The eBook is out now!

Short, Sharp Interview: Dominic Milne

A of C CPDB: What’s going on now?

Right now is kind of mayhem. Just had the release of the Eddie Kane trilogy, so trying to push what feels like a million buttons at once. Fantastic stuff though – really exhilarating. ‘Act of Contrition’ is already beginning to turn some heads. This feels in some ways like the culmination of so many years hard work, which of course it isn’t at all – it’s just the beginning.

PDB: How did you research this book?

I had what I imagine was every crime-writers idea of a gift horse of a head start. In the early 2000s I spent several years working in HMP Wormwood Scrubs, which gave me an absolute mountain of inspiration and potential storylines. I was working directly with inmates, getting to know them, hearing their stories and experiences, and I can honestly confirm that truth is a hell of a lot stranger than fiction – if anything, as a writer I’m having to moderate the things I’ve heard to make them plausible. The beauty is I’ve only scratched the surface so far. There’s plenty more in the tank for the future.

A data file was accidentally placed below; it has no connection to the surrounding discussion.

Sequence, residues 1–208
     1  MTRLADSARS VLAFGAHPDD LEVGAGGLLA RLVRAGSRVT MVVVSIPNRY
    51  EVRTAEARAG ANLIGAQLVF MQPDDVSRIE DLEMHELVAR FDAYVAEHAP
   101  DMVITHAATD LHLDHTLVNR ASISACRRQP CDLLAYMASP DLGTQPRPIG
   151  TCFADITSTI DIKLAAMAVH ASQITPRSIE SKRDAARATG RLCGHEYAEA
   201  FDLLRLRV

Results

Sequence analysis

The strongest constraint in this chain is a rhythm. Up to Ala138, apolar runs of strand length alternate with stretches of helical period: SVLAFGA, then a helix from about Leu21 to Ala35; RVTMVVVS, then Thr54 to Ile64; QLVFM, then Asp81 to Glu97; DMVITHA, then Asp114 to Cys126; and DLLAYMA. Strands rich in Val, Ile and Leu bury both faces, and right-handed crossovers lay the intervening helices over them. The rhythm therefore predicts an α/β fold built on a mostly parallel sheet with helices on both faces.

A of M CPDB: Which of your publications are you most proud of?

I’m deeply proud of ‘Act of Contrition’ and ‘Act of Madness’, but ironically it was actually Act of Vengeance that kicked this series all off, despite now being the third in the series chronologically. Act Of Vengeance got me in the doors of a few major publishers a few years ago, meetings that led to a lot of excitement, but ultimately no cigar. I think of it as a kind of wayward son, hopefully one who’ll come good in the end.

PDB: What is your favourite film/book/song/TV programme?

Film-wise I love some of the darker noirs of the late forties/early fifties, such as ‘The Prowler’ with Van Heflin, an actor who was also in a top piece of dark cinema called ‘Act of Violence’ (which you won’t be surprised very nearly also became the name of an Eddie Kane book). Top place has to go to ‘The Servant’ though, directed by Joseph Losey, who also made ‘The Prowler’. It’s one of the more bizarre and weirdly dark films I’ve come across. That said, I could probably watch ‘The Wicker Man’ on a loop if pushed.